Day 29: An Introduction to Amazon Web Services and PowerShell

Welcome to Day 29 of the “100 Days of DevOps with PowerShell” ! For background on our goals in these articles, see Announcing the “100 Days of Devops with PowerShell” Series here at SCC.

In this post I  am going to take you through getting started with the PowerShell cmdlets that provide support for Amazon Web Services (AWS).

DISCLAIMER: Before we begin, I’m not going to go into detail on how to create an AWS account, there are plenty of resources available to walk you through this process.  Nor am I going to explain in detail the various features of AWS and how they may or may not differ from Azure.  Again there’s been plenty written already on this topic.

Getting Started with PowerShell and AWS.

The PowerShell cmdlets for AWS are always at the same URL, so you can always grab the latest version.  Picking up on what we’ve learnt in the past we  know we can install the AWS PowerShell cmdlets as a package a number of different ways, either via Chocolatey (Day 4) or with OneGet (Day 11).  For now, lets use the PowerShell code below and also take the extra step of including the tools into our PowerShell profile:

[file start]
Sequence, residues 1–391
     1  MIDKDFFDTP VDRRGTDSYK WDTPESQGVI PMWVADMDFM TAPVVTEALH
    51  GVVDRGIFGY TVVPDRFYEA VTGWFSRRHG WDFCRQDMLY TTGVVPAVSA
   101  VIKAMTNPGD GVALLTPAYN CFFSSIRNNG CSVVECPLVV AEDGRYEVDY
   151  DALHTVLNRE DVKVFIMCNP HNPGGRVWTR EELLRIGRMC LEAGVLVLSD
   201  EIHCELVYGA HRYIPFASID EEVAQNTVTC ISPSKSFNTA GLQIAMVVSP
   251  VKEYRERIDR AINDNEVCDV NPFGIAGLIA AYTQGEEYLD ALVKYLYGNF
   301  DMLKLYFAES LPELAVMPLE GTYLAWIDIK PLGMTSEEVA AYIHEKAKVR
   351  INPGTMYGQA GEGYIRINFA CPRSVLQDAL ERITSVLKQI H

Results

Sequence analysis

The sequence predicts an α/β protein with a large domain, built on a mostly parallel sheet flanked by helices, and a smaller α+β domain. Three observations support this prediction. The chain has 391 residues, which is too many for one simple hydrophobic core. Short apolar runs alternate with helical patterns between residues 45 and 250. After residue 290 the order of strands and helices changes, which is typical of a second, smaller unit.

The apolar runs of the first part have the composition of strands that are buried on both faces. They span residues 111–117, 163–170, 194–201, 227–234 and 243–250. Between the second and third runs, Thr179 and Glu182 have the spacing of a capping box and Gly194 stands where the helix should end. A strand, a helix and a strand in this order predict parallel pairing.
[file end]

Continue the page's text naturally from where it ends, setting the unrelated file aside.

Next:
Once the PowerShell AWS tools are installed, a quick count of the cmdlets shows us that in version 2.2.4 (use Get-AWSPowerShellVersion to verify the version) there are a whopping 925 cmdlets and there is pretty much complete coverage of the AWS services via the PowerShell tools.

GetCommands

The reason for the extensive coverage is that the PowerShell AWS tools are on the same release cycle as the AWS .Net Framework SDK, in fact many of the cmdlets are code generated from the SDK.  That being said we’re going to concentrate on using same of the core cmdlets to deploy and manage some EC2 instances.  Before we start deploying some instances (in AWS parlance an instance is a virtual machine) via PowerShell  there are a few steps you need to take:

  • We need to have an access key and secret key – please follow the steps in Getting Your Access Key ID and Secret Access Key
  • We need to generate a key pair  – a key pair is used to encrypt the Windows administrative password when you deploy a new instance.  Creating a new key pair generates a public key  which AWS keeps and will use to encrypt the random Windows administrative password. The key pair that you download contains the private key that will be used to decrypt the password.

To create a key pair either follow the steps in the web console: Creating your own key pair using Amazon EC2 or you can use PowerShell: